Raw Feeding Guide

If you’ve just begun feeding your dog a raw diet, you likely have a lot of questions: What should I be feeding my pet? How much should I feed? How do I handle the food safely?

Rest assured: once you experience the benefits of a raw diet, you will never return to the stunted diets offered by commercial large-scale pet food manufacturers.

Raw foods grown and processed in USDA-certified facilities with the utmost concern for cleanliness, humane treatment and environmental impact ensure the highest quality products for you and your pets.

Read on for helpful tips on how to feed your dog raw in the healthiest way possible:

Types of Raw Food

There are several options of raw food to feed your pet. Most importantly, choose meat that is raised as 100% grass-fed - free-range - pasture-raised and without the use of antibiotics or added hormones and never from a CAFO (Confined Animal Feeding Operation).

It’s more humane, better for the environment and better for your pets health. Raw Bistro offers these five types of complete diets for your dog:

  • Grass-fed Beef Entree
  • Free-range Chicken Entree
  • Free-range Turkey Entree
  • Free-range Bison Entree
  • Pasture-Raised Lamb Entree

Which Food Should I Feed?

If you’re curious about which type of raw food to feed your dog, there are a couple things to consider:

  • If you’re currently feeding kibble, what is its base meat? For example, raw beef would be a good place to start if you previously fed beef-based kibble.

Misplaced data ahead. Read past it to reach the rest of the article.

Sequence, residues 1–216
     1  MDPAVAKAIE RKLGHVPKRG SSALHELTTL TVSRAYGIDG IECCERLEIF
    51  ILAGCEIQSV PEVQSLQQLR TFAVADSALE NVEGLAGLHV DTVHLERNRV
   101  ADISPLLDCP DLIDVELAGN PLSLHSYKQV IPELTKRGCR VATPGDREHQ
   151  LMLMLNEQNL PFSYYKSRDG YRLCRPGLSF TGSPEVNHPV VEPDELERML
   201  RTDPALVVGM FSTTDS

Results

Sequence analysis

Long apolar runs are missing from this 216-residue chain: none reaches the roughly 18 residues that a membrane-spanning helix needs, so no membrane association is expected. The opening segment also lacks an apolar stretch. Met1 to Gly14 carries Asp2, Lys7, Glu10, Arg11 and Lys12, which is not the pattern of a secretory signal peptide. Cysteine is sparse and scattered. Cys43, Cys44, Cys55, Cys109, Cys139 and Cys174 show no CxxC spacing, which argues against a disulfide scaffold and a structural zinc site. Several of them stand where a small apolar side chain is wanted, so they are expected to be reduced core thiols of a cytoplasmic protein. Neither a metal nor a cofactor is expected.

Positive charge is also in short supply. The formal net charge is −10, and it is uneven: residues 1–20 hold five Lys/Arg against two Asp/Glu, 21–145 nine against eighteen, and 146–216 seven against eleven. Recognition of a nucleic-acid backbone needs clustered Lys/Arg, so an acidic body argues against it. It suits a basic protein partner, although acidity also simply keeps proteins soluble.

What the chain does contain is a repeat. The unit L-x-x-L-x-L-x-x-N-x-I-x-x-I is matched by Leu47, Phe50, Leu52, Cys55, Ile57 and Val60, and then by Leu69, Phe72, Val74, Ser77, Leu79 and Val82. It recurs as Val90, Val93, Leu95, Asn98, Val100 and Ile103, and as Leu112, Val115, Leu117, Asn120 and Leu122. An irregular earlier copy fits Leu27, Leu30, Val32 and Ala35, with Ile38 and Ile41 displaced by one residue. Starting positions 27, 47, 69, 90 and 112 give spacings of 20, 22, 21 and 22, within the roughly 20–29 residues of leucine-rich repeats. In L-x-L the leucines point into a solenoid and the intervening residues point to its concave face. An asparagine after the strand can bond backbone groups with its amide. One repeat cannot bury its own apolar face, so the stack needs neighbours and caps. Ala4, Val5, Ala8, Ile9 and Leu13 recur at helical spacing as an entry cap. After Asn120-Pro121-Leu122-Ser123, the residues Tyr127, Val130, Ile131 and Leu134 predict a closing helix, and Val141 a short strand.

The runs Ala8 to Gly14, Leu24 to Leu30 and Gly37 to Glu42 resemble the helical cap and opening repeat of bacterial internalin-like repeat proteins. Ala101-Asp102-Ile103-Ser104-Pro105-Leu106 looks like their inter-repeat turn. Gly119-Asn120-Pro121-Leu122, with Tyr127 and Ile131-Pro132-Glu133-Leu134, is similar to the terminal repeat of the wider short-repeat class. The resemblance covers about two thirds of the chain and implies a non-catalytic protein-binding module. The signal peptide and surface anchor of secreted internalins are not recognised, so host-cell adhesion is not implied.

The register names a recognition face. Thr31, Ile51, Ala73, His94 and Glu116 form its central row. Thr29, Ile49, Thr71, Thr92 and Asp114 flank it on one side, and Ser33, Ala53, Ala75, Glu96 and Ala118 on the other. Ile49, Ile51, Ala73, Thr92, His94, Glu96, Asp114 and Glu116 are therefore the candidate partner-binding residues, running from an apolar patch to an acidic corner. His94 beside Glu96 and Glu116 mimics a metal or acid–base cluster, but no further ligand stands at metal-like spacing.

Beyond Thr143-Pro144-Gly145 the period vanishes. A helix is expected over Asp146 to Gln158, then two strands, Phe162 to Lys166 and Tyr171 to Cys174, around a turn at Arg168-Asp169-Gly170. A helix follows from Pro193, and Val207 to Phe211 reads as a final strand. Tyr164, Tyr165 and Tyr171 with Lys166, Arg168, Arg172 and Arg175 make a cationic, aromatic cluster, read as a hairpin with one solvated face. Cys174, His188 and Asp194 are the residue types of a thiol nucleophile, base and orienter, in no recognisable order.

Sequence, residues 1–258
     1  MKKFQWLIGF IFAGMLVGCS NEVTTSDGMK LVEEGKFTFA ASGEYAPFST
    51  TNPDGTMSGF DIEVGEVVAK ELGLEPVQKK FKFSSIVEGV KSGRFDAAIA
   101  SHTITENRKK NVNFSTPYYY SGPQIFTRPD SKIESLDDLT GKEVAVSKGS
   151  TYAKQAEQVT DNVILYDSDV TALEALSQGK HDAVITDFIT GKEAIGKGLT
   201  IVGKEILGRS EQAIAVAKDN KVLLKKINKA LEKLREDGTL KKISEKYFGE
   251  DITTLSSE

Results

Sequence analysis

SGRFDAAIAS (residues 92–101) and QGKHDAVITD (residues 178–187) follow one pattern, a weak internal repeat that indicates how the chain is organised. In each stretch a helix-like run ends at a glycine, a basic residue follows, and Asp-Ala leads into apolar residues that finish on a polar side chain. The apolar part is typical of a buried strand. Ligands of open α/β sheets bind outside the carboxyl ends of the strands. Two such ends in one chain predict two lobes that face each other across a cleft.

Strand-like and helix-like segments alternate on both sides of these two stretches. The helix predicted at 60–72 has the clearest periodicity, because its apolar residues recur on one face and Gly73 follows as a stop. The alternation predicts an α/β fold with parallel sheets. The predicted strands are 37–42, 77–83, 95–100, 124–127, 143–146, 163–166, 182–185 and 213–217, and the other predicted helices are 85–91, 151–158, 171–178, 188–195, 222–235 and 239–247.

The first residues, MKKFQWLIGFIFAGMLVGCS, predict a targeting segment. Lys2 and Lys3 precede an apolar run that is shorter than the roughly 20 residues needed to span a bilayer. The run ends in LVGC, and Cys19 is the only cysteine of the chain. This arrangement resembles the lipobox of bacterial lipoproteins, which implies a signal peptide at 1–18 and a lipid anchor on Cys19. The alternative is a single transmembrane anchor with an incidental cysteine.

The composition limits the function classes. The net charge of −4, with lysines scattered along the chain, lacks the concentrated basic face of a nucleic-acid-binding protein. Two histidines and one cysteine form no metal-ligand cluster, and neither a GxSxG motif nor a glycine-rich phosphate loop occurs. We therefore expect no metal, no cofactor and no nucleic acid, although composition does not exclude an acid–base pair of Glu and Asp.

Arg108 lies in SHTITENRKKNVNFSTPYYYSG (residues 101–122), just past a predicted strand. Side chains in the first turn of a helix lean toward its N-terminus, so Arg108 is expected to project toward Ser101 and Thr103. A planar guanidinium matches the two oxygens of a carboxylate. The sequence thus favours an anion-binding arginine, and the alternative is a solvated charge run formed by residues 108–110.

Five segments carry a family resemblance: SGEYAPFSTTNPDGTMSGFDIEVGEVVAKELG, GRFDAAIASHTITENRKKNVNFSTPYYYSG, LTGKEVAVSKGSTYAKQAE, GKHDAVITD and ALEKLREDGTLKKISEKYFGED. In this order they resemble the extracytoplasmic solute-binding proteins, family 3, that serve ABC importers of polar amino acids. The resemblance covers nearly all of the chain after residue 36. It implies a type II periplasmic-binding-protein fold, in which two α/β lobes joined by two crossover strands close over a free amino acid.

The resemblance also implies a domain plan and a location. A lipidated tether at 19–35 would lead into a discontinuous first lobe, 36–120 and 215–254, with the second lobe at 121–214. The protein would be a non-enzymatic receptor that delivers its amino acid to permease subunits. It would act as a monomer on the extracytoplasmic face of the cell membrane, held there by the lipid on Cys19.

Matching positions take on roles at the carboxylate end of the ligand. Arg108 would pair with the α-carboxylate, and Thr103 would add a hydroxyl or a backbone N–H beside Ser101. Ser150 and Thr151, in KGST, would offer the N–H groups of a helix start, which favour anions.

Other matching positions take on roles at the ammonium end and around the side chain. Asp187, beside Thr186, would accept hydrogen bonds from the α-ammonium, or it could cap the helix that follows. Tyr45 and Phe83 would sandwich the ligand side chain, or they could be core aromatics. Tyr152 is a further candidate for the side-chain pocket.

• If you have a new puppy and haven’t previously fed kibble, it will really depend on your individual dog and what he or she prefers. We recommend starting with raw turkey or chicken because it’s a leaner product, whereas beef is a richer product. Going for a leaner meat may help them ease into raw.

Along with meat, the nutritious value of vegetables and fruits should also be considered. To minimize your pet's exposure to pesticides and glyphosate, feed your dog only certified organic and non-GMO dog-friendly vegetables and fruits.

Ultimately, it’s up to you and your veterinarian to decide which specific type of raw food is the most beneficial for your dog’s health. We encourage you to rotate through our recipes for optimal nutrition and enjoyment!

Transition Slowly

If your pet is new to raw food, don’t worry: transitioning your dog to a raw diet is simple and straightforward. The complete transition can often be accomplished within a week, but the key is to go slowly, as you would with any dietary change.

Puppies can generally transition over the course of a few days as they typically have a healthier digestive system than older dogs. The older the dog, the longer you should take to transition to the new diet.

To start, we recommend fasting your dog for a half to a full day prior to the first meal to ensure a good appetite and then feed a little bit to see how he or she handles the fresh food. If all is well, continue replacing a little bit of the original diet with the raw diet.

Monitor your pet. If your pet experiences loose stools, wait until the stool is firm to continue the transition.